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At some point it became obvious that President Obama and everyone associated with his administration from press secretaries Jay Carney and Josh Earnest to Secretaries of State Hillary Clinton and John Kerry was willing go to any effort, convolute any sentence to dance around the phrase, “radical Islam.”

Instead, the president and his staff used the more benign and less specific “violent extremism,” to describe terror attacks by suicide bombers, men who drive trucks into crowds or open fire in nightclubs, couples who slaughter co-workers at holiday parties and machete-wielding attackers while screaming, “Allahu Akbar.”

Not “God is great,” but “Allah is greater.”

The stubborn refusal to identify the underlying motivation for the attacks – the desire to terrorize and wipe out non-Muslim “infidels” who stand in the way of the establishment of a worldwide caliphate eventually became a ridiculous, as if Methodists, Jews or Hindus were committing the vicious acts in the name of their religion.

Donald Trump was able to seize upon the obvious verbal contortions, essentially daring his opponent in the presidential election, Hillary Clinton, to “call it like it is” and admit that the source of terror attacks is Islamic theology – a radical branch of it, but Islamic nonetheless.

Now, Richard Stengel, an under secretary of state for public diplomacy and public affairs during the Obama years, has come forward to explain the real reason behind the ban on the phrase – the president was afraid of alienating Muslim allies.

While critics suggested that Obama, Clinton and other Democrats opted for the neutral “violent extremism” due to political correctness, Stengel says it was in an effort to maintain good relations with Muslim countries who were not involved in a jihad, or “holy war,” against the United States and the West.

“To defeat radical Islamic extremism, we needed our Islamic allies – the Jordanians, the Emiratis, the Egyptians, the Saudis – and they believed that term unfairly vilified a whole religion,” wrote Stengel in an op-ed in The New York Times.

While Stengel adds that leaders in those countries, “did not consider the Islamic State to be Islamic, and its grotesque violence against Muslims proved it,” in fact, moderate Muslims have failed to take steps to reform the faith to root out the fundamentalist factions that hew to an unquestioning adherence to 7th century writings and practices and seek to impose them globally.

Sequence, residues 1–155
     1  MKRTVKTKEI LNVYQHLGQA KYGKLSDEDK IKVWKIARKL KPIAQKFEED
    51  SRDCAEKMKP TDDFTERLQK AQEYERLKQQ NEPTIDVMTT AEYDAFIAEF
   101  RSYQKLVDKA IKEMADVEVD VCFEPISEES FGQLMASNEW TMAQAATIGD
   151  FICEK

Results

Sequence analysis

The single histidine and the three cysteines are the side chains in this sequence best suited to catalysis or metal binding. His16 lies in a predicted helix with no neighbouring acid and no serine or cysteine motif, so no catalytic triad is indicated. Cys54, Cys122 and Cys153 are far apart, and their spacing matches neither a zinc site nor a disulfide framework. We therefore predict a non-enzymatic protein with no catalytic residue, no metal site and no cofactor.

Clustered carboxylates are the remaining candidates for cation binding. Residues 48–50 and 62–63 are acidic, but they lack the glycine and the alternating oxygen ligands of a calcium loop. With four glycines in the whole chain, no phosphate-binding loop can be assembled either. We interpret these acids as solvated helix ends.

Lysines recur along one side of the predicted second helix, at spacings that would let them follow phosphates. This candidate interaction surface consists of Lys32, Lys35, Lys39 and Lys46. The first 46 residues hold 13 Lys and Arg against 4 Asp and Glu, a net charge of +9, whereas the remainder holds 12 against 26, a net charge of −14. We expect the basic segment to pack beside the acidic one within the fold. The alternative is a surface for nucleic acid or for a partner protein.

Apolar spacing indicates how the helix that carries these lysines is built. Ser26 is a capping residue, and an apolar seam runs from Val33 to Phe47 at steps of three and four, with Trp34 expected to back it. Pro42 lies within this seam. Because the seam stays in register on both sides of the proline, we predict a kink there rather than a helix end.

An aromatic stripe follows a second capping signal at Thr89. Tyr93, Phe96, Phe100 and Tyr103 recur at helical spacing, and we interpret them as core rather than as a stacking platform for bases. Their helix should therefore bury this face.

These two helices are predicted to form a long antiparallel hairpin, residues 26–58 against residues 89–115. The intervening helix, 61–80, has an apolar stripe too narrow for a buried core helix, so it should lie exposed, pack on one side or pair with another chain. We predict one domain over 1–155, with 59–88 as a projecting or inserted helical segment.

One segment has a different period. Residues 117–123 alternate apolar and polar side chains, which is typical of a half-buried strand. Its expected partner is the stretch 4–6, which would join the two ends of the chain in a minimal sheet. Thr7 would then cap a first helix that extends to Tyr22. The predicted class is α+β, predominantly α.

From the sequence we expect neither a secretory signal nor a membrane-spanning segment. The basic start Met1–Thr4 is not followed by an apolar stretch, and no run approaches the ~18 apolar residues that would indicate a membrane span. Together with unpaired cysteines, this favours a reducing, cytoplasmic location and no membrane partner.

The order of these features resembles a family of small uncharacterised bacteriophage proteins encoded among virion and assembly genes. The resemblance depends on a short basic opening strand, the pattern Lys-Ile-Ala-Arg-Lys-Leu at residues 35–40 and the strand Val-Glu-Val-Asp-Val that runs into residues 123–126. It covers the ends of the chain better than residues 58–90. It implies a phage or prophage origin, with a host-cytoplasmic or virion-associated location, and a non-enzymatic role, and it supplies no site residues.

There were an estimated 1.6 billion Muslims in 2010 – nearly 25 percent of the world’s population – and it remains the fastest-growing religion in the world.

Stengel’s role at the State Department involved leading public diplomacy outreach to international audiences through a variety of grants and programs to counter ideological support for terrorism according to the department’s website.

President Trump has made a point of using the more accurate and specific phrase, “radical Islam” when referring to individual jihadists, as well as ISIS and other groups, but Stengel believes he should make every effort to be clear to our allies that he is referring only to a small group of Muslims.

In 2016, when he was campaigning in support of Hillary Clinton, President Barack Obama continued to claim that ISIS and al-Qaida “deceptively cloak themselves in Islamic theology to justify acts of barbarism,” maintaining, despite all evidence to the contrary, that “there’s no religious rationale that would justify in any way any of the things that they do.”

A quick Google search of ‘koran’ or ‘quran’ would prove otherwise.

 

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